The Oxford Dictionary of National Biography Turns Ten

odnbDavid Hill Radcliffe of the OUPblog recently wrote, “The publication of the Oxford Dictionary of National Biography in September 2004 was a milestone in the history of scholarship, not least for crossing from print to digital publication. Prior to this moment a small army of biographers, myself among them, had worked almost entirely from paper sources, including the stately volumes of the first, Victorian ‘DNB’ and its 20th-century print supplement volumes. But the Oxford DNB of 2004 was conceived from the outset as a database and published online as web pages, not paper pages reproduced in facsimile. In doing away with the page image as a means of structuring digital information, the online ODNB made an important step which scholarly monographs and articles might do well to emulate.” Read more

You Can Help Make Linked Data Core To The Future of Identity, Payment On The Web Platform

ld1At the end of September, The World Wide Web Consortium (W3C) may approve the world’s first Web Payments Steering Group, to explore issues such as navigating around obstacles to seamless payments on the web and ways to better facilitate global transactions while respecting local laws. Identity and digital signatures have a role here, at the same time as they go beyond the realm of payment into privacy and other arenas. At the end of October, there also will be a W3C technical plenary, to discuss identity, graph normalization, digital signatures and payments technologies.

Expect Linked Data to come up in the context of both events, Manu Sporny told attendees at this August’s 10th annual Semantic Technology & Business conference in San Jose during his keynote address, entitled Building Linked Data Into the Core of the Web. “It is the foundational data model to build all this technology off of,” said Sporny, who is the founder and CEO of Digital Bazaar, which develops technology and services to make it easier to buy and sell digital content over the Internet. (See our stories about the company and its technology here.)  He also is founder and chair of the W3C Web Payments Community Group, chair of its RDFa Working Group, and founder, and chair and lead editor of the JSON-LD Community Group.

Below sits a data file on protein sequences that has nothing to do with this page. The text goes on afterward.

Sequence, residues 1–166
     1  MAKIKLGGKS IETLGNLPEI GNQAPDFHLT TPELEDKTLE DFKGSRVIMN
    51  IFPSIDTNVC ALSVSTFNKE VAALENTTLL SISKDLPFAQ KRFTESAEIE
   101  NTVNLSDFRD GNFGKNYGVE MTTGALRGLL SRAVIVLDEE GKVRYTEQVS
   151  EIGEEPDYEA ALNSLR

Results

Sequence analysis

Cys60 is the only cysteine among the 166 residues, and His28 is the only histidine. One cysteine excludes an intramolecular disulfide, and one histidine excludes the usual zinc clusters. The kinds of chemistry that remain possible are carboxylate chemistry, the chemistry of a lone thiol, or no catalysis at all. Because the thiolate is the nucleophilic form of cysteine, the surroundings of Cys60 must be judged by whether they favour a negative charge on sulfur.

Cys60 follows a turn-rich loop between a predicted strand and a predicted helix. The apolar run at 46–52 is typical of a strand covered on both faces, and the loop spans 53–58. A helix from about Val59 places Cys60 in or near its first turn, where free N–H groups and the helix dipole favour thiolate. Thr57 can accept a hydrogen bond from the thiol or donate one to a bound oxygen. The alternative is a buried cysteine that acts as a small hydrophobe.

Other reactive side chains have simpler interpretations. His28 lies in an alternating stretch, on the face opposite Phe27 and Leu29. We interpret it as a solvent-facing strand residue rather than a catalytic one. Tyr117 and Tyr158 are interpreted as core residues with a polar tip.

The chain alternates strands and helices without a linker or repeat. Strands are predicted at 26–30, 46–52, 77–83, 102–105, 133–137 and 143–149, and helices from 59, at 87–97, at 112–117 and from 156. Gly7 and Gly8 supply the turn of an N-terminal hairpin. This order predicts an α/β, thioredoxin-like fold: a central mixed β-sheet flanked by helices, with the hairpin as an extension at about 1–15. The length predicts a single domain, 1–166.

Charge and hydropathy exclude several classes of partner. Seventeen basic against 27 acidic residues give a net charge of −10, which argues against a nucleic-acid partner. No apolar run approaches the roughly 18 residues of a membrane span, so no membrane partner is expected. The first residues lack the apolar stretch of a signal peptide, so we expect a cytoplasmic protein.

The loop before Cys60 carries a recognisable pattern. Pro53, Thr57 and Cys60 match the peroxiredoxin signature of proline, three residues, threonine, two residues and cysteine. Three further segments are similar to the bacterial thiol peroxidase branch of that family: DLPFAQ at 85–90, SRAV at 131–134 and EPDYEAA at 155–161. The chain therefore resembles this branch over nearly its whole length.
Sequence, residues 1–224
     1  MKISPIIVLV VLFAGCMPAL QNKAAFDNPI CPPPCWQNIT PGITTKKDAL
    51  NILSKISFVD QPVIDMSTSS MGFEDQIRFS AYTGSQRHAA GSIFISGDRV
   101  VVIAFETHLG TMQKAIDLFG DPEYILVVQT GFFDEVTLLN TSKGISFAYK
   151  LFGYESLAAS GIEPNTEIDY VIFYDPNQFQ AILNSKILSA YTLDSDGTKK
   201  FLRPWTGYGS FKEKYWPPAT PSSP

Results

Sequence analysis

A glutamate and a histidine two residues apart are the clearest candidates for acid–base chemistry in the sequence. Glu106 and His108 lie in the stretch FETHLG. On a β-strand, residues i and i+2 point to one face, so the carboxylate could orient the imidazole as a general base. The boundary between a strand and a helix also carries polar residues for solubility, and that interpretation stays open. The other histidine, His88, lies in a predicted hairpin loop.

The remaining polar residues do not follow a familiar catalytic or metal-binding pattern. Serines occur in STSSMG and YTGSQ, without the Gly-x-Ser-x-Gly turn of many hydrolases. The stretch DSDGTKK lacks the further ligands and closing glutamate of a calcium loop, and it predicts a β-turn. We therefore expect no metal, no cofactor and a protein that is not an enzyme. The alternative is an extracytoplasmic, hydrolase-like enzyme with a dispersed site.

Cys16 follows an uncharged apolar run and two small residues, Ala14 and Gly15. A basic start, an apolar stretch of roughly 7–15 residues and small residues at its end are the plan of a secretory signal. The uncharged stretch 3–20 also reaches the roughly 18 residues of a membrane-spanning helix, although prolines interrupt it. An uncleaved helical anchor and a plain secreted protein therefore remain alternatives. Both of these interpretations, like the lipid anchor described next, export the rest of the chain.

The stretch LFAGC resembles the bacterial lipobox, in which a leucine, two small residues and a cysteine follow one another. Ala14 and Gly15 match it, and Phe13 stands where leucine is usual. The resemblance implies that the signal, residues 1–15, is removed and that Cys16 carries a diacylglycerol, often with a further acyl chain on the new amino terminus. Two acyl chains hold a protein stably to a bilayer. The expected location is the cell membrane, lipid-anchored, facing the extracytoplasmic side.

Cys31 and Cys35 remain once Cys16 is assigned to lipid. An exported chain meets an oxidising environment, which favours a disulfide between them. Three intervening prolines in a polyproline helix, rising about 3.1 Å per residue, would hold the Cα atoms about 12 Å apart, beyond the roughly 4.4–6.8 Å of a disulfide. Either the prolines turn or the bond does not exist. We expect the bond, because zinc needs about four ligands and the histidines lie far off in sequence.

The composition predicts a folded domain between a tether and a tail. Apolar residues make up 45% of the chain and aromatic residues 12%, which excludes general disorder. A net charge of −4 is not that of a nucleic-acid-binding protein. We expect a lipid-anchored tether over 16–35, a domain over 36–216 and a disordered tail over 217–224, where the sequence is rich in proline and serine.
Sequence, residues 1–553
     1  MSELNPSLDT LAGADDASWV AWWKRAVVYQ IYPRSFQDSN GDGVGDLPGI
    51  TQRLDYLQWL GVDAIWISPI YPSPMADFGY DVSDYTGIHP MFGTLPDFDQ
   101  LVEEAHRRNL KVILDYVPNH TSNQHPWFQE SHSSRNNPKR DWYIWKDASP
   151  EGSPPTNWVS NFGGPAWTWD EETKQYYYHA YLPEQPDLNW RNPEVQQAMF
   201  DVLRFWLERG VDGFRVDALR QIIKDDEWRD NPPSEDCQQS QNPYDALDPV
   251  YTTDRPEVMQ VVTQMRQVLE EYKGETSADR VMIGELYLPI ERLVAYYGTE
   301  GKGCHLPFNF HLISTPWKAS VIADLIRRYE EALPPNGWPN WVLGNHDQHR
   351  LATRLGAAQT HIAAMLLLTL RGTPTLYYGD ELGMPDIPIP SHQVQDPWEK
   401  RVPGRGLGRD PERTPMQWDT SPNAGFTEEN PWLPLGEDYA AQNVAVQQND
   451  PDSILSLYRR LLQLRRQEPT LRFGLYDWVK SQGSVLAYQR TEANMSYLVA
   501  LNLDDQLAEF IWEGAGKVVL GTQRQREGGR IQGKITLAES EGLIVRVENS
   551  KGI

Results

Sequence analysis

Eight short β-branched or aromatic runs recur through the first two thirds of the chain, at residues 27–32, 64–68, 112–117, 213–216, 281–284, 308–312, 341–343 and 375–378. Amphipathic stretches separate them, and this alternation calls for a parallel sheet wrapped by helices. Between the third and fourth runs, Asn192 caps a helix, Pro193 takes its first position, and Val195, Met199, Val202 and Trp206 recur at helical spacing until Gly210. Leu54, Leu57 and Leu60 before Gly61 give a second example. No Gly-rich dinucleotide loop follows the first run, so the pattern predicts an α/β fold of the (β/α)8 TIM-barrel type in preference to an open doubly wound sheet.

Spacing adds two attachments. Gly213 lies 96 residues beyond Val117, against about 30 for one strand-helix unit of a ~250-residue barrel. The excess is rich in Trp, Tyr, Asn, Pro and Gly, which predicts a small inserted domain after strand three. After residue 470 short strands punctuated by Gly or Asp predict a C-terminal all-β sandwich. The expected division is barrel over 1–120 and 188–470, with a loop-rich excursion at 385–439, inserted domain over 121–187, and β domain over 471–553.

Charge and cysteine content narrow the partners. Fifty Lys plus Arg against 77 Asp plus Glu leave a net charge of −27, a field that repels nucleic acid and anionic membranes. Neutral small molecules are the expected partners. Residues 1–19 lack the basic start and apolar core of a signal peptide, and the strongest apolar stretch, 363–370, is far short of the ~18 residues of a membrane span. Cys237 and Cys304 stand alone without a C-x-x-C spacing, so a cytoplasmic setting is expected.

Read more

Schema.Org: The Fire’s Been Lit

schemaorgadoptspecificWhy has schema.org made the following strides since its debut in 2011?

  • In a sample of over 12 billion web pages, 21 percent, or 2.5 billion pages, use it to mark up HTML pages, to the tune of more than 15 billion entities and more than 65 billion triples;
  • In that same sample, this works out to six entities and 26 facts per page with schema.org;
  • Just about every major site in every major category, from news to e-commerce (with the exception of Amazon.com), uses it;
  • Its ontology counts some 800 properties and 600 classes.

A lot of it has to do with the focus its proponents have had since the beginning on making it very easy for webmasters and developers to adopt and leverage the collection of shared vocabularies for page markup. At this August’s 10th annual Semantic Technology & Business conference in San Jose, Google Fellow Ramanathan V. Guha, one of the founders of schema.org, shared the progress of the initiative to develop one vocabulary that would be understood by all search engines and how it got to where it is today.

Read more

DBpedia 2014 Announced

DBpedia logoProfessor Dr. Christian Bizer of the University of Mannheim, Germany, has announced the release of DBpedia 2014. DBpedia is described at dbpedia.org as  “… a crowd-sourced community effort to extract structured information from Wikipedia and make this information available on the Web. DBpedia allows you to ask sophisticated queries against Wikipedia, and to link the different data sets on the Web to Wikipedia data. We hope that this work will make it easier for the huge amount of information in Wikipedia to be used in some new interesting ways. Furthermore, it might inspire new mechanisms for navigating, linking, and improving the encyclopedia itself.”

The full announcement on the new release is reprinted below with Bizer’s permission.

****************

DBpedia Version 2014 released

1. the new release is based on updated Wikipedia dumps dating from April / May 2014 (the 3.9 release was based on dumps from March / April 2013), leading to an overall increase of the number of things described in the English edition from 4.26 to 4.58 million things.

2. the DBpedia ontology is enlarged and the number of infobox to ontology mappings has risen, leading to richer and cleaner data.

The English version of the DBpedia knowledge base currently describes 4.58 million things, out of which 4.22 million are classified in a consistent ontology (http://wiki.dbpedia.org/Ontology2014), including 1,445,000 persons, 735,000 places (including 478,000 populated places), 411,000 creative works (including 123,000 music albums, 87,000 films and 19,000 video games), 241,000 organizations (including 58,000 companies and 49,000 educational institutions), 251,000 species and 6,000 diseases. Read more

NEXT PAGE >>